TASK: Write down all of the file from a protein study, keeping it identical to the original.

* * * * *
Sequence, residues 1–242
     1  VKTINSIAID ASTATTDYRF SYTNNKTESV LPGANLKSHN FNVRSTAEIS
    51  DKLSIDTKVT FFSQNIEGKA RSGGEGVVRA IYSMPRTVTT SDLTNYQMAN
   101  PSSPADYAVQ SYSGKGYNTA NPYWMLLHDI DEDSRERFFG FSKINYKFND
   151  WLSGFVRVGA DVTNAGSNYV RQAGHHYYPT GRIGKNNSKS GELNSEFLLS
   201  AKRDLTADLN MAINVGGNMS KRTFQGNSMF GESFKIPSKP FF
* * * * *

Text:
Sequence, residues 1–242
     1  VKTINSIAID ASTATTDYRF SYTNNKTESV LPGANLKSHN FNVRSTAEIS
    51  DKLSIDTKVT FFSQNIEGKA RSGGEGVVRA IYSMPRTVTT SDLTNYQMAN
   101  PSSPADYAVQ SYSGKGYNTA NPYWMLLHDI DEDSRERFFG FSKINYKFND
   151  WLSGFVRVGA DVTNAGSNYV RQAGHHYYPT GRIGKNNSKS GELNSEFLLS
   201  AKRDLTADLN MAINVGGNMS KRTFQGNSMF GESFKIPSKP FF